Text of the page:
When you think of Seattle style, does the image of a rain slicker come to mind? While weather gear has it's place, our city possesses a flair for fashion - and it's pretty sensational.
"The exhibit is called Seattle Style Fashion Function History of Clothing and Style in Seattle," said Clara Berg, the curator of the exhibit at MOHAI that's dedicated to what Seattleites have been wearing.
"19th, 20th and 21st century. So a big range of things from high fashion to everyday clothing and outdoor gear and grunge and everything in between."
When a lot of people thing about Seattle they go right to grunge and granola...
" I would say it's not totally incorrect," said Berg. "But it's unfair to say that's all that we have."
She carefully went through 30,000 garments and accessories to put this exhibit together.
"I don't want to define it as one style," she said. "I think part of the intention of the exhibit [is] there's a lot of styles and people should feel there's so many Seattle experiences and so whatever style you like is valid as well."
Berg showed us a few of the featured items, and some of them might surprise you!
"One of the star pieces in the exhibit is the butterfly dress from designer Elsa Schiparelli," she said. "And when I first discovered it in the collection, I had a big wow moment because the Metropolitan Museum of Art has a similar dress."
From a dramatic dress to the O-G in outdoor gear, like the earliest known surviving jacket made by Eddie Bauer.
"Eddie Bauer essentially invented the down jacket. It's a little more complicated than that - but he was the first one to combine the idea of putting down and quilting it together for a coat for the outdoor industry," said Berg. "And the puffer down coat was born. And the rest is history."
From Eddie Bauer's innovative coat, to a more recent creation. The Utilikilt!
"Love it or hate it, it was invented in Seattle and it's kind of an evidence of how we're kinda people who want to go our own way," she said. "There's a lot of places in the country where people would never have an invention of sort of half work clothes, half original kilt and they're so popular in Seattle!"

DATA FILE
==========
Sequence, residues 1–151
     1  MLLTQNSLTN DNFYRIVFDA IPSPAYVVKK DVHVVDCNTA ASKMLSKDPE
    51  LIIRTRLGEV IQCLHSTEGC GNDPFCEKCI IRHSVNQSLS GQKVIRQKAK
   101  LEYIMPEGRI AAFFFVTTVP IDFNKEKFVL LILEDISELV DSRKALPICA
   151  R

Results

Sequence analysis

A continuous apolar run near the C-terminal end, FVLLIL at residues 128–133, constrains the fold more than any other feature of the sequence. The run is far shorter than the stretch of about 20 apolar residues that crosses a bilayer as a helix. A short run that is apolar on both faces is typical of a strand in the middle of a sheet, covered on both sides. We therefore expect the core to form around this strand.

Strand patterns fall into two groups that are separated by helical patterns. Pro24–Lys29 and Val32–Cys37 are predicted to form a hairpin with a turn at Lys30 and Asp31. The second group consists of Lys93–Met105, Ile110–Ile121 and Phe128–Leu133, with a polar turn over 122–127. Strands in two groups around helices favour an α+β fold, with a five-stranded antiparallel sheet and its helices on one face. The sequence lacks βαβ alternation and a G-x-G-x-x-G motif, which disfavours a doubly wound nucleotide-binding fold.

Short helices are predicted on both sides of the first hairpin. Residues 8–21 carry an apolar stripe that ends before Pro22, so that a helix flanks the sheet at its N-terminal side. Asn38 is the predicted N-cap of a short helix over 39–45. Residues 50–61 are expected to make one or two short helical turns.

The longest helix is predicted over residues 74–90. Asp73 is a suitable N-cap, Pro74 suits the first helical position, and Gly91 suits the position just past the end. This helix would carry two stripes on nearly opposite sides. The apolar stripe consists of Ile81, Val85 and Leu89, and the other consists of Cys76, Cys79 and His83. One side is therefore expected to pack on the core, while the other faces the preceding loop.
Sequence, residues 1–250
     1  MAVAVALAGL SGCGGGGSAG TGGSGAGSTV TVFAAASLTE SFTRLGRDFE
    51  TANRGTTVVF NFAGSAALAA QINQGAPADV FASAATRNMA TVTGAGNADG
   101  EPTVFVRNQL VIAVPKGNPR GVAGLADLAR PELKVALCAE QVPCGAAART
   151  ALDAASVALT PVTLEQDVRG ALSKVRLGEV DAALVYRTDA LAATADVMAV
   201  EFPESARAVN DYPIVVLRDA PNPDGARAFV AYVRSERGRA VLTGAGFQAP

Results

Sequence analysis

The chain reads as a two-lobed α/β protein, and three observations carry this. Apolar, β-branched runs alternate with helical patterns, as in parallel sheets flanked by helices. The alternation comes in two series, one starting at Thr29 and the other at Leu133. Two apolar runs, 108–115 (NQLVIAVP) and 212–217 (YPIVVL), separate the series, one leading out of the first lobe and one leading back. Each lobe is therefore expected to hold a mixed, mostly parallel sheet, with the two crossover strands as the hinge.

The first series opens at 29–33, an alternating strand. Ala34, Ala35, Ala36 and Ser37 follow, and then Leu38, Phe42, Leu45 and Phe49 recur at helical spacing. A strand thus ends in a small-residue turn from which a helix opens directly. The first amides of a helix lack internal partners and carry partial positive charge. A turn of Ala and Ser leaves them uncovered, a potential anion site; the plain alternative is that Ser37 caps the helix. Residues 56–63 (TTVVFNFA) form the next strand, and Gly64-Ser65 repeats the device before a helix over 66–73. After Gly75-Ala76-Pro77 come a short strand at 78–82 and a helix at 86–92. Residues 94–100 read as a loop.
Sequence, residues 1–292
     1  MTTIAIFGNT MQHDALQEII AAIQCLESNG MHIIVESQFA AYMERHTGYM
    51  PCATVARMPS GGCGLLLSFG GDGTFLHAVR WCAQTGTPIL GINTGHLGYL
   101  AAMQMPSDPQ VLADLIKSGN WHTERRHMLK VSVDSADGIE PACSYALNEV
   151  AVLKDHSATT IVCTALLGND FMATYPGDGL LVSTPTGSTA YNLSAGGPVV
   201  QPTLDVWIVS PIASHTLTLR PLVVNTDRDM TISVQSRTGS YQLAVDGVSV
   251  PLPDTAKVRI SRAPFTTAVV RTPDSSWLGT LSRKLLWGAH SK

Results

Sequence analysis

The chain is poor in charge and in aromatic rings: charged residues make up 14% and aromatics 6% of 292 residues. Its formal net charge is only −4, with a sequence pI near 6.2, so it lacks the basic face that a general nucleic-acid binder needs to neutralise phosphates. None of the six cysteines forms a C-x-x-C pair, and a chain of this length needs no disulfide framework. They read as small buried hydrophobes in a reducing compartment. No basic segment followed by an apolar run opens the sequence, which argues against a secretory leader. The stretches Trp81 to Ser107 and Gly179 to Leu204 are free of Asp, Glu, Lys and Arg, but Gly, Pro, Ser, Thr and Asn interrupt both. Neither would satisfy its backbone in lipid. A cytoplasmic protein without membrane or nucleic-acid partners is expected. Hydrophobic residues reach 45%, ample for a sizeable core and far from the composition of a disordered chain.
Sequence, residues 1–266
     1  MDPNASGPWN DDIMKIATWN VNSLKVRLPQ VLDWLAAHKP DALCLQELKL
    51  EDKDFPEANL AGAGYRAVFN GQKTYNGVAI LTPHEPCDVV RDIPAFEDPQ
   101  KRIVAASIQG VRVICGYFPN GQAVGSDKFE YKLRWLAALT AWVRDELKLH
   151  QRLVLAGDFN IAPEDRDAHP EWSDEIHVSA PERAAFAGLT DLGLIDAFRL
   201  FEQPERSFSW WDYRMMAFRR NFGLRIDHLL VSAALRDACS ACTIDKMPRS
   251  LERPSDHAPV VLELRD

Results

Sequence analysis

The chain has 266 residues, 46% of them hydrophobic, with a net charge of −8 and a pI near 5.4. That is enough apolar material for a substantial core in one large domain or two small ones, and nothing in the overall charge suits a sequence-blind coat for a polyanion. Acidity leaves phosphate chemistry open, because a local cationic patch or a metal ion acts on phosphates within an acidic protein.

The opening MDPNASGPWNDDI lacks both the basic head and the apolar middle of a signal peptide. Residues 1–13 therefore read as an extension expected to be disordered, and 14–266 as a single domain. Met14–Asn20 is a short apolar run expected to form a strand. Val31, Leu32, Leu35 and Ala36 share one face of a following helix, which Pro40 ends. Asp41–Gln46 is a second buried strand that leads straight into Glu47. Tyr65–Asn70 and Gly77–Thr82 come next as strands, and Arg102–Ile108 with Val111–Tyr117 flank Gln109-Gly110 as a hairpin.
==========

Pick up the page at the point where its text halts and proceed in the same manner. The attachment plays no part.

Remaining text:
They're made here in Seattle, and kind of bucking traditional ideas about menswear. While the Utilikilt is not a skirt - this is definitely not a dress. Those, you can find in the glam section of the exhibit.
"This glam section is amazing," she said. "This is a dress from the early 1950s. Worn by a woman, Ruth Shoenfeld Blethen Clauyburgh- she didn't go by all four of those names all the time. She was married a few different times. She was an arts patron in Seattle and she went to a lot of and also planned - some of the most glamorous events in Seattle."
We may not know the name of the woman who wore this piece, but we do know that she rode a horse in it!
"It's from the early 1900s - about 1907," said Berg. "It was worn by someone from the John Collins family. He was the politician in Seattle, probably [for] his wife or one of his daughters."
Even though they don't look it, they're technically in the casual wear section. Riding habits were one of the first pieces of sportswear that women had, and they were often made in a menswear style.
"I'm also so excited that we're showing it as it would have been worn on a horse as it's on a horse," she said. "Yeah and so this was probably the most single challenging mannequin to dress in the exhibit."
They may not smell like teen spirit, but there are even some glorious grunge items here.
"We also got this amazing loan from the Museum of Pop Culture of a sweater and a hat that belonged to Kurt Cobain," said Berg. "What's fun is other than the history of it, it's kind of an unremarkable sweater which is kind of the grunge look. It was really about the personality of the person inside of it, so it's not a very exciting sweater until you know who it belonged to and then it's really exciting."
From coverall shorts, to coats, to couture. It shows Seattle's legacy of fashion in a fresh way.
"I'm hoping that it kind of changes their perception about clothing in Seattle," said Berg.